Friday, 2/18/2000 - Updated 11:55 a.m. ----------------------------------------
Legendary Lipscomb baseball coach Ken Dugan dies By Jim Wyatt / Sports Writer
Lipscomb University baseball Ken Dugan, called a pioneer in his sport by many of his colleagues, died today. Dugan, who was diagnosed with Parkinson's disease in the early-90s and also had respiratory problems in his latter years, was 64. sports
"'Ken Dugan ushered in an era when baseball became prominent in the Midstate," said former Vanderbilt Coach and ex-Nashville Sounds owner Larry Schmittou. "He was totally dedicated to baseball. ... He was also a great man."
Dugan compiled a record of 1,137-460 in 37 seasons (1960-96) at the school. He guided Lipscomb to NAIA national championships in 1977 and '79 and his '84 squad won a college baseball record 34 straight games. He also played at Lipscomb from 1954-57 and set school records for batting average (.456) and slugging percentage (.824) that still stand today.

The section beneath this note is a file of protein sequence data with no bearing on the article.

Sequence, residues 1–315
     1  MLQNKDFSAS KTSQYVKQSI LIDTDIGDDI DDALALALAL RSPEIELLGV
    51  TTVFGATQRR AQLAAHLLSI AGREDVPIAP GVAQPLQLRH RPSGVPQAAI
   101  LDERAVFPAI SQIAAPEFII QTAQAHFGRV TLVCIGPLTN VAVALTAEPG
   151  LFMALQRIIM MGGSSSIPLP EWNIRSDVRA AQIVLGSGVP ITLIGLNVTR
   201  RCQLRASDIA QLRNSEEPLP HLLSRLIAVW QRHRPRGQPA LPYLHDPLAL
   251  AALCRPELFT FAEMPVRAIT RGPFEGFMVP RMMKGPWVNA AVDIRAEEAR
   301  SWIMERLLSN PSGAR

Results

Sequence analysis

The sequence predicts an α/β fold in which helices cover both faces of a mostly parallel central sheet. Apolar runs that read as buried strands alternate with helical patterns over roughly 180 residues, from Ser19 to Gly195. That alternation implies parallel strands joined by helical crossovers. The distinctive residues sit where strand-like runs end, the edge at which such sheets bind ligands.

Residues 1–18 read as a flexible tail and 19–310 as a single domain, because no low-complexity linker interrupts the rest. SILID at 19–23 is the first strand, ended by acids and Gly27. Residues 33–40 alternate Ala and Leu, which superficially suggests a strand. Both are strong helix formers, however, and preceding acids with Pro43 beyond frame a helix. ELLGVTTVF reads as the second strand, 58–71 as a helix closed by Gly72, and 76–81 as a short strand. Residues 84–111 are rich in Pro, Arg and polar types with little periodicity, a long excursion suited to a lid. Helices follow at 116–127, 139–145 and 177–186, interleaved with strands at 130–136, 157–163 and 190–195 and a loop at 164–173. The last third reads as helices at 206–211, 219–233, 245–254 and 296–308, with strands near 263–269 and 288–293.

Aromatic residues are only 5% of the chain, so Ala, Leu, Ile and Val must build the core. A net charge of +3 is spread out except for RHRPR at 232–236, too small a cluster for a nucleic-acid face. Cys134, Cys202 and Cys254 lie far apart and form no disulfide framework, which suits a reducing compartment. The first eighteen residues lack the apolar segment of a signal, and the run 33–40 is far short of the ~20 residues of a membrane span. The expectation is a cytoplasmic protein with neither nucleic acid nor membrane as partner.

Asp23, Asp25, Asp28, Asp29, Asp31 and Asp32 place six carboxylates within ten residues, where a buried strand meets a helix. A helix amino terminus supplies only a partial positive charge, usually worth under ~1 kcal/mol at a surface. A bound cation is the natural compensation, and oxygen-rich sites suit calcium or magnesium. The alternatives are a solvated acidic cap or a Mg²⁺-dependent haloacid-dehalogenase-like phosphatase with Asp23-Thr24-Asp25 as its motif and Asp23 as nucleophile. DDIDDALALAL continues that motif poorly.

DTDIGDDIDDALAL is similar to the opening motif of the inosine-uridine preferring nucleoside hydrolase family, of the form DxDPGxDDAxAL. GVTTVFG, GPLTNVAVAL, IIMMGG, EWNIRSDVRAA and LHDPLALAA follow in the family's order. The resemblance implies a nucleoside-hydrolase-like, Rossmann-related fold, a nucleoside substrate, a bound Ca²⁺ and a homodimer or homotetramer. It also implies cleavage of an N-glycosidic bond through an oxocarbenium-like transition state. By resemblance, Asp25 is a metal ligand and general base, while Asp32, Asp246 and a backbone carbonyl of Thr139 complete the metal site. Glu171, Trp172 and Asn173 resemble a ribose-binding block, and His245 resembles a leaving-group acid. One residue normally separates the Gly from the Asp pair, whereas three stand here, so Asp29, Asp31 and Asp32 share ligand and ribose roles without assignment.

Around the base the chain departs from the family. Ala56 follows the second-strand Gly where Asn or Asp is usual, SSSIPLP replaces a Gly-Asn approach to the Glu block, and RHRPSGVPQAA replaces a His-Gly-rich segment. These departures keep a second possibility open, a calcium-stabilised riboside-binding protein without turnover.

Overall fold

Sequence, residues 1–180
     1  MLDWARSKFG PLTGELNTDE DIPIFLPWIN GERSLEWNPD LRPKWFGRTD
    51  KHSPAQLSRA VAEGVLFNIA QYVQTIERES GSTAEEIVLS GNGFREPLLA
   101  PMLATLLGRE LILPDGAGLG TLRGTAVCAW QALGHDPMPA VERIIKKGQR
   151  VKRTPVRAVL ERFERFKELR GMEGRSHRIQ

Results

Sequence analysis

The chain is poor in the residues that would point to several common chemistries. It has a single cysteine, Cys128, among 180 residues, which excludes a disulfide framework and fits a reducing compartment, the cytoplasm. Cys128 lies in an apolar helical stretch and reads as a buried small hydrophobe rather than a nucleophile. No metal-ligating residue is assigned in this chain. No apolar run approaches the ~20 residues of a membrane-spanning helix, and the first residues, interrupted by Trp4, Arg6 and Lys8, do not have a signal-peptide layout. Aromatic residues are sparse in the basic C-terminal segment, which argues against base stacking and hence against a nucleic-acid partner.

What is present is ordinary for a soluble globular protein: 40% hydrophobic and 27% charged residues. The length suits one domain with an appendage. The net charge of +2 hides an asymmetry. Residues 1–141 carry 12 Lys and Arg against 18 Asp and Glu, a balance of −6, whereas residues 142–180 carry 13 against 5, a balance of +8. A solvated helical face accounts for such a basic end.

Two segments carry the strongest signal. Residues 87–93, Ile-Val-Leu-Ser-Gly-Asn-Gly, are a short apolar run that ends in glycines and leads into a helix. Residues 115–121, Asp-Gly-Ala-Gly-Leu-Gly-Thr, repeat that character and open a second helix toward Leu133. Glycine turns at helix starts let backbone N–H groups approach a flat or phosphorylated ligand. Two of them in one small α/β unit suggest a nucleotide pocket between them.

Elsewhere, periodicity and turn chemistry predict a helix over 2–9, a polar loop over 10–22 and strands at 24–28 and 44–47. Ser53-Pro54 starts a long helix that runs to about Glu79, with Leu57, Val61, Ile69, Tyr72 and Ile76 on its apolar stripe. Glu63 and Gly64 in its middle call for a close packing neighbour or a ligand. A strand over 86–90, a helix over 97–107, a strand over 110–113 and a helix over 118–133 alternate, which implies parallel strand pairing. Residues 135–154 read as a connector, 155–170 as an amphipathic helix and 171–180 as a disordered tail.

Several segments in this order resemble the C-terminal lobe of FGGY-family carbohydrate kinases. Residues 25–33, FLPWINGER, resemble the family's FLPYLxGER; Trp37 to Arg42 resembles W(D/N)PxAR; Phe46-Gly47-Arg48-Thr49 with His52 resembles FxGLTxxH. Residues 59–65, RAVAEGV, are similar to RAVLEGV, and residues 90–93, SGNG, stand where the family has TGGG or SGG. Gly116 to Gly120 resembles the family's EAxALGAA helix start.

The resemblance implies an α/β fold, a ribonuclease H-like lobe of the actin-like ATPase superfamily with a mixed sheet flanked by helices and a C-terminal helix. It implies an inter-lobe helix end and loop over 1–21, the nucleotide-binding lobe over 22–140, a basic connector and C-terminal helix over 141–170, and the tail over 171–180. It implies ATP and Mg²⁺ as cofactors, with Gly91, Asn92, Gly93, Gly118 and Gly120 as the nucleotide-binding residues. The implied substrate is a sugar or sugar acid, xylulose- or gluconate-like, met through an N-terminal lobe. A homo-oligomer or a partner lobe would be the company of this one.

Dugan battled health problems for more than a decade. He had triple-bypass heart surgery in 1986 and also suffered from what he called calcified lungs, which left him with limited breathing capacity. Dugan used a wheelchair in recent months as well as an oxygen tank.
"When you're a coach, you're a part of a fraternity and you get close to the people you compete against," Cumberland University baseball coach Woody Hunt said. "I'm sorry he had to come down with his sickness at the end and I wish he could've gone out a different way. I've always thought the world of him ... Coach Dugan was a tremendous man."
Dugan is survived by his wife, Diane; daughter Christi; and sons Mike and Kurt. His brother, Jerry, a successful high school basketball coach in Huntsville, Ala., was also at his side in the final hours.